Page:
Database : MEDLINE
Search on : Trichomonas and Vaginitis [Words]
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[PMID]: 29391293
[Au] Autor:Salakos E; Korb D; Morin C; Sibony O
[Ad] Address:Department of obstetrics and gynaecology, Robert-Debre hospital, 48, boulevard Sérurier, 75019 Paris, France. Electronic address: e.salakos@gmail.com.
[Ti] Title:A case of non-treated Trichomonas vaginalis infection and severe preterm labor with positive obstetrical outcome.
[So] Source:J Gynecol Obstet Hum Reprod;, 2018 Jan 31.
[Is] ISSN:2468-7847
[Cp] Country of publication:France
[La] Language:eng
[Ab] Abstract:Trichomonas vaginalis is a very common, sexually transmitted, infection that may sometimes be asymptomatic or cause vaginitis and urethritis. Recently, it has been associated with adverse obstetric outcomes such as preterm delivery, low birth weight and premature rupture of membranes. Trichomonas vaginalis can be vertically transmitted at birth. It has been found in pharynx and low respiratory tract of neonates with respiratory disease. It has also been involved in some cases of intellectual disability. The recommended treatment is a 2g metronidazole oral single dose, even for asymptomatic patients. This treatment is effective against Trichomonas and its use is safe during pregnancy. We report here a case of Trichomonas vaginalis infection diagnosed during pregnancy in a patient with severe preterm labor. The patient being allergic to nitroimidazole antibiotics, she did not receive any treatment. She finally gave birth at 34 weeks of gestation (WG) and 5 days, with no other adverse outcome than small prematurity.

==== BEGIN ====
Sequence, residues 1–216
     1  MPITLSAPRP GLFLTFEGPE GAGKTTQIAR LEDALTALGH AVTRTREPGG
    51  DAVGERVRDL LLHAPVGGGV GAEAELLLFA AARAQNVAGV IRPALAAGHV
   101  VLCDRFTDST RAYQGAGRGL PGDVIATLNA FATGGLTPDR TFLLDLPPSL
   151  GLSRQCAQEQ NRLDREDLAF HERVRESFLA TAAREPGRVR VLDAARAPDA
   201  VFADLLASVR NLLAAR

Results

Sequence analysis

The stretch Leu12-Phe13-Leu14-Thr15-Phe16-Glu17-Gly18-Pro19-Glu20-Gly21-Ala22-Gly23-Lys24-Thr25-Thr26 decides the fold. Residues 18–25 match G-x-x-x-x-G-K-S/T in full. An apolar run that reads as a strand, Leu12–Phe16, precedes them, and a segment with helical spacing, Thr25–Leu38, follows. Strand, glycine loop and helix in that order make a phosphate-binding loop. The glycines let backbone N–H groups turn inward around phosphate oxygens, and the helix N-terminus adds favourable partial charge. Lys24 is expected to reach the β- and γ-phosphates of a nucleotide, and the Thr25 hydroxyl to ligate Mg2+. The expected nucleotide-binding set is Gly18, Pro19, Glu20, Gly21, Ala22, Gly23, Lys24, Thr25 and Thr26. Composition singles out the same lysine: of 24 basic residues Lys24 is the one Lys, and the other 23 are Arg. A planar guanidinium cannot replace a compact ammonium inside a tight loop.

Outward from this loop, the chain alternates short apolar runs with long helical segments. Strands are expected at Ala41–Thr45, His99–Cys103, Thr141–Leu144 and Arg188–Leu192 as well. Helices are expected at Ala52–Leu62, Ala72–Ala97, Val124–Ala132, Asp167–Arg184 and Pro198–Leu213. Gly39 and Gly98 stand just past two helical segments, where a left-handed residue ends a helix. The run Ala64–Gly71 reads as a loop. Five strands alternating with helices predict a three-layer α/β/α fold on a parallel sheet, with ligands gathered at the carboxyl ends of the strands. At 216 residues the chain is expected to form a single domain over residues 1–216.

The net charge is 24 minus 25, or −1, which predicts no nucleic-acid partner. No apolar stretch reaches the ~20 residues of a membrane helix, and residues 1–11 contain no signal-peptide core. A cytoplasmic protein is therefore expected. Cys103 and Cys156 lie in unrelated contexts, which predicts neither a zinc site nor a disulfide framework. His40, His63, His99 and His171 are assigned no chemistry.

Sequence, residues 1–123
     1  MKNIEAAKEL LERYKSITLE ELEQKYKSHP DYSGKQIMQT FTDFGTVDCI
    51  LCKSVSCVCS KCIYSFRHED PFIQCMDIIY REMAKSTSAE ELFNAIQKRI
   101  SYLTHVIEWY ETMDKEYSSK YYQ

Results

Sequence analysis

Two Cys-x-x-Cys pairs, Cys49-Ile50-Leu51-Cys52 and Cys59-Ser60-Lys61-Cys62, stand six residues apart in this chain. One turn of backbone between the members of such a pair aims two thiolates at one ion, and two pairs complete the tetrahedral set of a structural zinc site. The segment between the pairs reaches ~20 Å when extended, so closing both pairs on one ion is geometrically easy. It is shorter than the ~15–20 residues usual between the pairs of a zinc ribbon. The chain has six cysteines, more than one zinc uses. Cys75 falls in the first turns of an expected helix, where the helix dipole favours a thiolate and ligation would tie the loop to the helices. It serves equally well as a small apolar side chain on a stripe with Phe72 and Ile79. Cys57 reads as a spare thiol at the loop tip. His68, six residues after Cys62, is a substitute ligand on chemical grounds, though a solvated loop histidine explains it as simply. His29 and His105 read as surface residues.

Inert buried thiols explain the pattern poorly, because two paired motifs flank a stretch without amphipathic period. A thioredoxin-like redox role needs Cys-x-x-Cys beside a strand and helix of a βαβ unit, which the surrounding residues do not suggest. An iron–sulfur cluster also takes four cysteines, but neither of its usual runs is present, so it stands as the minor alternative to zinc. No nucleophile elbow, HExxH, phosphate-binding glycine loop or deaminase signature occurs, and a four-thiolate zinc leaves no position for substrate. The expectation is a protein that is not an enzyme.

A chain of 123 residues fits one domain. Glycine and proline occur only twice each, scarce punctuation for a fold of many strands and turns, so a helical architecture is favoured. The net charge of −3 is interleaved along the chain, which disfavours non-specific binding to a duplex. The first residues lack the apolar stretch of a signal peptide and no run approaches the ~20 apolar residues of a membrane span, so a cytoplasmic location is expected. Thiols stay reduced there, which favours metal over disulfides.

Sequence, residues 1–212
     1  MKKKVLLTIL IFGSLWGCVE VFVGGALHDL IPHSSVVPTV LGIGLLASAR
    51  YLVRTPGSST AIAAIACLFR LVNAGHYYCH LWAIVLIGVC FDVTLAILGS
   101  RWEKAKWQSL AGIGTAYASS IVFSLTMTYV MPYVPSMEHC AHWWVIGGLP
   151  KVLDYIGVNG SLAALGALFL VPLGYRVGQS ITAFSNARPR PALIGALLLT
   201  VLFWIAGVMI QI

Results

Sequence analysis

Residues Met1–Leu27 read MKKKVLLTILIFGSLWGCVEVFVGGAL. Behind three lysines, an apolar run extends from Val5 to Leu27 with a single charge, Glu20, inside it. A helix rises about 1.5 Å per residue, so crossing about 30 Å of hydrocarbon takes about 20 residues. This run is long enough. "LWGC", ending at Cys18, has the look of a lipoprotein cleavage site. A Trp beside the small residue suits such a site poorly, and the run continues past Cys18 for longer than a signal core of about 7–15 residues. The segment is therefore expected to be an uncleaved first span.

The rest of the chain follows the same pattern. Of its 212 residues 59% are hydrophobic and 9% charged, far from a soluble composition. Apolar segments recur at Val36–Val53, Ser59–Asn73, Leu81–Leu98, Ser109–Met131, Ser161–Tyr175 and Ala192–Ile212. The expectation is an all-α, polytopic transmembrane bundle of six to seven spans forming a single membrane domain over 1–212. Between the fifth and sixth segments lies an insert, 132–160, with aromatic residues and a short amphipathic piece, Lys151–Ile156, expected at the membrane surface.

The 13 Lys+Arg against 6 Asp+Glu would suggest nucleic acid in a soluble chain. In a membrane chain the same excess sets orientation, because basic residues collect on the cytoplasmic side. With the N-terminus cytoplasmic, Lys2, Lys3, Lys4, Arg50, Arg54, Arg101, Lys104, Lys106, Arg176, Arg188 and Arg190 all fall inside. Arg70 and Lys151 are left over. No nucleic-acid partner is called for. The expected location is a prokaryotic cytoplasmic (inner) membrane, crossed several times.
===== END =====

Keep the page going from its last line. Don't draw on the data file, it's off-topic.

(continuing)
[Pt] Publication type:JOURNAL ARTICLE
[Em] Entry month:1802
[Cu] Class update date: 180225
[Lr] Last revision date:180225
[St] Status:Publisher

  2 / 3138 MEDLINE  
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[PMID]: 29396352
[Au] Autor:Feng RM; Z Wang M; Smith JS; Dong L; Chen F; Pan QJ; Zhang X; Qiao YL; Zhao FH
[Ad] Address:Department of Epidemiology, National Cancer Center, Cancer Hospital, Chinese Academy of Medical Sciences (CAMS) & Peking Union Medical College (PUMC), Beijing, China; Department of Cancer Prevention center, Sun Yat-Sen University Cancer Center, Guangzhou, China; State Key Laboratory of Oncology
[Ti] Title:Risk of high-risk human papillomavirus infection and cervical precancerous lesions with past or current trichomonas infection: a pooled analysis of 25,054 women in rural China.
[So] Source:J Clin Virol;99-100:84-90, 2018 Feb - Mar.
[Is] ISSN:1873-5967
[Cp] Country of publication:Netherlands
[La] Language:eng
[Ab] Abstract:BACKGROUND: Trichomonas vaginitis (TV) infection has obviously been implicated in gynecological morbidity but still unclear in cervical lesions. OBJECTIVE: To evaluate the risk of hr-HPV infection and cervical intraepithelial neoplasia grade 2 or worse (CIN2 + ) by TV infection. STUDY DESIGN: The pooled study was conducted among 12 population-based, cervical cancer screening studies throughout China (N = 24,054). HPV was detected by Hybrid Capture 2 (HC2) test. Past TV infection was measured by self-reporting, current TV infection was diagnosed by liquid-based cytology (LBC), cervical lesions was diagnosed by histopathology. RESULTS: Respective prevalence of hr-HPV and CIN2+ were 17.4% and 3.3%. Out of 24,054 women, 14.6% reported past TV infection, and out of 11,853 women, 9.9% had current TV infection. Current TV-positive women had an increased risk for hr-HPV (OR 1.31, 95%CI: 1.11-1.56). The risk of CIN2+ decreased for hr-HPV positive women with current TV infection (adjusted OR 0.50, 95% CI: 0.30-0.84) and past TV infection (adjusted OR 0.68, 95% CI: 0.54-0.86). Among hr-HPV negative women, no significant associations were observed between past or current TV infection and risk of CIN2+. CONCLUSIONS: Women infected with HPV are more likely to be infected by other types of sexually transmitted diseases. Current TV-positive women had an increased risk for hr-HPV infection compared to currently TV-negative women. Both past and current TV-positive women had a decreased risk for CIN2+, especially among high-risk HPV positive women. More direct investigation into the interaction between TV, HPV, inflammatory signals, and risk of carcinogenesis are further needed.